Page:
But ultimately, he decided to stick it out. He stuck it out again three-plus years later when he was separated from the university for the 2014 spring semester following an “academic misstep.” Many wondered then if Grant would ever return.
But he did, and became the only player in school history with at least 1,700 points (1,739), 600 assists (690), 150 steals (175) and 30 blocks (37). He ranks 11th all-time in scoring and was the school’s first first team All-American in 14 years. That perseverance helped make him the player that would go on to be a first-round pick in last summer’s NBA draft.
He now embraces the place that embraced him during that magical 2014-15 season that saw Notre Dame go 32-6, win its first-ever Atlantic Coast Conference tournament championship and nearly beat Kentucky in an NCAA tournament Elite Eight game for the ages.
“When I first got there, I didn’t want to be there,” Grant said of South Bend. “As I got older, I kind of figured out my place in the program and the town got behind me. Now it’s like a second home.
“I wanted to do my camp in South Bend for everything the city has done for me.”
Grant makes regular trips back to town when his schedule allows. He was back for a few days earlier this spring. He returned earlier this week for the graduation of close friend and former Notre Dame teammate Zach Auguste. And he’ll continue to come through even after the camp’s conclusion. Grant’s girlfriend, Emily Phillips, is from the city’s west side. The two have a son, Hunter Jrue, born in January.
“He was always very comfortable here,” Brey said. “I kind of like it because it gives him another reason to be back around here. He’s really, really proud of our program.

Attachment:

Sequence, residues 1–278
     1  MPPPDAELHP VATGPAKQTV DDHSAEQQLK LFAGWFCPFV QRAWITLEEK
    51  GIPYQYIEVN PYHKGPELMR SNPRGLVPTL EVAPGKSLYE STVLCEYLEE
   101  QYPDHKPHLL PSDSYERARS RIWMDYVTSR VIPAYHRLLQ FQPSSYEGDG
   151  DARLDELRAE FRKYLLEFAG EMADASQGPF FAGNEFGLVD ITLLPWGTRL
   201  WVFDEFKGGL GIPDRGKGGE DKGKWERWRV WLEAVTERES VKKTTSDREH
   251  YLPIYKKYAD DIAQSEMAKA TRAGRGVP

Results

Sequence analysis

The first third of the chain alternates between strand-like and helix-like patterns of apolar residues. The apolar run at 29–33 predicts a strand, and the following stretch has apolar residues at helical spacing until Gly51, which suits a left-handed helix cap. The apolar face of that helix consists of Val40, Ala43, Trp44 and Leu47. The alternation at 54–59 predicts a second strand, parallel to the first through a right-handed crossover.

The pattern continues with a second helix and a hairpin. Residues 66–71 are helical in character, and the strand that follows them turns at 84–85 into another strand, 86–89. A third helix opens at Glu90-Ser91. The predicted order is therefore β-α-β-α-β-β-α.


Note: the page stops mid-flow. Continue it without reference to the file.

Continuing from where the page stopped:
“He has great memories.”
Grant will be assisted with the camp by his younger brother, Jerami, a member of the Philadelphia 76ers, Oladipo, with the Orlando Magic, and close friend and former Irish teammate Pat Connaughton, who finished his rookie season last week with the Portland Trail Blazers. Grant hopes to get at least 100 kids out for the first camp, and then build those numbers in future camps. Whatever the final tally is for the first one, Grant’s goal is simple.
“Be ready to work,” he said. “At the end of the weekend, I want these kids to say they learned something. That’s the main goal – help these kids become better.”
What: First annual Jerian Grant Basketball Camp.
Where: Salvation Army Kroc Center, 900 W. Western Avenue, South Bend.
When: Friday, June 3 to Sunday June 5.
Who: Open to boys and girls ages 7 through 14.
Cost: $200 per camper.
Breakdown: Sessions for 7-10-year-old run 4 to 6 p.m. Friday, 9 to noon Saturday and Sunday. Sessions for campers ages 11-14 run 6:30 to 8:30 p.m. Friday, 1-4 Saturday and Sunday.
Registration deadline: Friday, May 20.
Note: To register, go to www.JerainGrantCamp.com. For additional information, write JerianGrantCamp@gmail.com or call 301-538-9732.